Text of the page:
No More Bickering! 5 Ways to Help Siblings Play On the Same Team

Bickering, jealousy, deliberate annoying- any parent of more than one child has probably experienced some of these from their children. Although I long for my children to get along, to live together in harmony, some days it feels as if I am playing referee instead of coaching a unified team. It’s really frustrating for me as a parent to feel as if I am constantly telling my kids to just get along.

Although my kids are far from perfect in this area, there are some things that we have learned over the years that can help us get our kids on the same team. And while siblings are still going to have their moments of bickering, it sure is more peaceful when we can help them to get along.

Prevent sibling bickering
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Make family time a priority.

In many families now, family members are constantly going their separate ways. Every child is involved in multiple activities while mom and dad each have their own peer groups to have Bible study or social time with. The norm in our culture is for families to be apart. But this can really contribute to bickering and arguing. While it seems as if being together too much would cause family members to get on each other’s last nerve, I’ve sometimes found the opposite to be true. When we are involved in too many outside activities, the kids seem to have less tolerance for each other and more general grumpiness.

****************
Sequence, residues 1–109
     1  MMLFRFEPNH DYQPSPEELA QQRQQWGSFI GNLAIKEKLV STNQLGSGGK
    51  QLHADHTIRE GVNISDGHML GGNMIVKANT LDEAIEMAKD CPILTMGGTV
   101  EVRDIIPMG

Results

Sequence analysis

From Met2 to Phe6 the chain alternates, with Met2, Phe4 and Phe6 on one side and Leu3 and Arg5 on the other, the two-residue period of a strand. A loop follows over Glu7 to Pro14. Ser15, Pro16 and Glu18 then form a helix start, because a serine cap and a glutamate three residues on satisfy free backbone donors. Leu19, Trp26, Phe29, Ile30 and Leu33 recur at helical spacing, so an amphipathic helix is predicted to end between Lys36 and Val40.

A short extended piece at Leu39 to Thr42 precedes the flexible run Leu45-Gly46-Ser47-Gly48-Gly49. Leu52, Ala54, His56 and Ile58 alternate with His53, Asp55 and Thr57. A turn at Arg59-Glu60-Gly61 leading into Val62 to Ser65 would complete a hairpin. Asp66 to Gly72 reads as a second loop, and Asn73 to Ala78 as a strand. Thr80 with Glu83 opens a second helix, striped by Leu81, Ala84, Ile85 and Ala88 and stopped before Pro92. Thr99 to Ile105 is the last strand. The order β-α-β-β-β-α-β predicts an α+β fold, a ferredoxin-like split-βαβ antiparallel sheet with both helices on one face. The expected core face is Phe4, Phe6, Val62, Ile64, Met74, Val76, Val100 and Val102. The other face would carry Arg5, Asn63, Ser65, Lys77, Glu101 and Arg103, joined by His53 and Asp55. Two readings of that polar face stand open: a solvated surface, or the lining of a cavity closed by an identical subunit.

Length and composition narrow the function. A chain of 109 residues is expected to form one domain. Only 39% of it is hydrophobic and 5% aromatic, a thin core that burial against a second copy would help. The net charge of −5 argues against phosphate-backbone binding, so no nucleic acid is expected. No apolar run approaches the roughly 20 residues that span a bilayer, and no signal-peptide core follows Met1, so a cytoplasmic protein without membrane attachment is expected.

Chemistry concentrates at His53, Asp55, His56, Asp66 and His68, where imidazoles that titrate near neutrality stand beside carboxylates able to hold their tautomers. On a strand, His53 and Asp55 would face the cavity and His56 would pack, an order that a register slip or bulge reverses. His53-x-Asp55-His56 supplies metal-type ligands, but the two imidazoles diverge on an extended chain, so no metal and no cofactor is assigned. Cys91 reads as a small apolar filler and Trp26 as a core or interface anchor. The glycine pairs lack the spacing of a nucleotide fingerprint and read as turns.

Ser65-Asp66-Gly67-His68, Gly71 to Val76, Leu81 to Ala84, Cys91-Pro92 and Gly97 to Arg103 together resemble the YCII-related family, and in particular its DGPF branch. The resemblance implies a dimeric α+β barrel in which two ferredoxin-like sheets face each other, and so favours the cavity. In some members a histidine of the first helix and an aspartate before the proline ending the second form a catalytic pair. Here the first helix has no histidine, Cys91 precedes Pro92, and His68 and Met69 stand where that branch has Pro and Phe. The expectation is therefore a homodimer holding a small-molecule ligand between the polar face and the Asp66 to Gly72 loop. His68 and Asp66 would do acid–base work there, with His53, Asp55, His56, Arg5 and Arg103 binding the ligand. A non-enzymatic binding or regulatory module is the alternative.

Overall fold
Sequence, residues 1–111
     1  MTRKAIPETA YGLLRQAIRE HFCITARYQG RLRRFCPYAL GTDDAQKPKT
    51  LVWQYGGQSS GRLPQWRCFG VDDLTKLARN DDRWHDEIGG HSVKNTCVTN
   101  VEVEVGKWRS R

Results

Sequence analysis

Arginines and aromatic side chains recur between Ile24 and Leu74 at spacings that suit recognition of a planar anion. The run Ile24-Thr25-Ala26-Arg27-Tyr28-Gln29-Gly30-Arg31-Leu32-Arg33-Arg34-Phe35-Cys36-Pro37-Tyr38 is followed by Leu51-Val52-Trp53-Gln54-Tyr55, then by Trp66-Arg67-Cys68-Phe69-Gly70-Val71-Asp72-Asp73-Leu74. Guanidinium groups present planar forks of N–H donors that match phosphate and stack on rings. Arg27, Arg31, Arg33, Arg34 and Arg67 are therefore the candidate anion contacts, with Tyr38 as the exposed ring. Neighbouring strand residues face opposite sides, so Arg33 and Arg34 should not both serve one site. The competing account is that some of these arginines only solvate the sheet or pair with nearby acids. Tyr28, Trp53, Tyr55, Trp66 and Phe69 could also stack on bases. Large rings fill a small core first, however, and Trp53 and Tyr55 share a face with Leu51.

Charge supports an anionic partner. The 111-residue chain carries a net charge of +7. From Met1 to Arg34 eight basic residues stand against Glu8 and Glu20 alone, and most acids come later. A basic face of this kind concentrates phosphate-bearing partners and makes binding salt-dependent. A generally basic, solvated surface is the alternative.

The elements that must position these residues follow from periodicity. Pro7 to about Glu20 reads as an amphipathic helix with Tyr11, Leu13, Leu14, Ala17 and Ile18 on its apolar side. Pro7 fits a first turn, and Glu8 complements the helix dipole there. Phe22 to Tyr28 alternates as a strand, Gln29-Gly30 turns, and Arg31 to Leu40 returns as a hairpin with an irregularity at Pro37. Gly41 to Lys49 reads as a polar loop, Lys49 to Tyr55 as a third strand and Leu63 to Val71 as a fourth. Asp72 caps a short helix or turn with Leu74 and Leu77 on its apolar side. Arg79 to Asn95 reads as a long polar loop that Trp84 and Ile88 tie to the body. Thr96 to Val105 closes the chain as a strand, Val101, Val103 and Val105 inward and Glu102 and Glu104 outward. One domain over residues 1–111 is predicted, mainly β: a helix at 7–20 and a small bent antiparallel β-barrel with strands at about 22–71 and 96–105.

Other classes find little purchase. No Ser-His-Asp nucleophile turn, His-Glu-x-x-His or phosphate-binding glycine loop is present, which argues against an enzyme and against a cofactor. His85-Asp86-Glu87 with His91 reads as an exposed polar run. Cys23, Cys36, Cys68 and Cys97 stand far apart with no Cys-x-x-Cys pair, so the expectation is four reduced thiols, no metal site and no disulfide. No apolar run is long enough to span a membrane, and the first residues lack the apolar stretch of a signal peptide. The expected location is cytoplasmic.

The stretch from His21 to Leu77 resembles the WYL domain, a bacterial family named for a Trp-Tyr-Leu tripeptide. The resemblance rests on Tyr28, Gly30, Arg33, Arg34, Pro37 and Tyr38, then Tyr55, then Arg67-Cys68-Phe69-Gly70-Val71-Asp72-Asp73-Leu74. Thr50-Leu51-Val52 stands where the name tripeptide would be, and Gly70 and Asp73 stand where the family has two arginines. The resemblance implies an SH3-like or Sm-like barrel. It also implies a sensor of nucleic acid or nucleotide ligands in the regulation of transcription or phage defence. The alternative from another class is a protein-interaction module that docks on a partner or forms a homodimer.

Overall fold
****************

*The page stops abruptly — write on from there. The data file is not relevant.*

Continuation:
Make sure that the family has enough time to just be together. It might mean cutting other activities- your own or the kids’. But there should be some times when you can just hang out- eat supper together, play board games, have a family movie night. If you’re taking time to build good memories and experiences as a family, kids are going to feel closer to each other and enjoy each other more. (Trust me. It’s hard for the kids to be bickering with each other when they’re too busy laughing together.)

Give them responsibility for each other…but not too much responsibility.

From the time they were little, we’ve tried to teach our kids to take responsibility for their siblings. By asking older ones to “help” watch the baby or bring mom supplies or by asking a much older sibling to help a younger one at bath time, we’ve tried to communicate the idea that in a family we’re all responsible to help each other. As a result, our kids are typically protective of each other. They are quick to comfort if a sibling is sad or to express anger when someone has hurt a sibling.
One drawback can be giving a naturally mothering older child too much responsibility. This can result in a “bossy” sibling that irritates the others. We’ve learned to make clear delineations about what responsibility the older siblings have. And we try not to constantly put responsibility only on the shoulders of older siblings because I think this can result in some bitterness about having too much responsibility.

Bring the family along.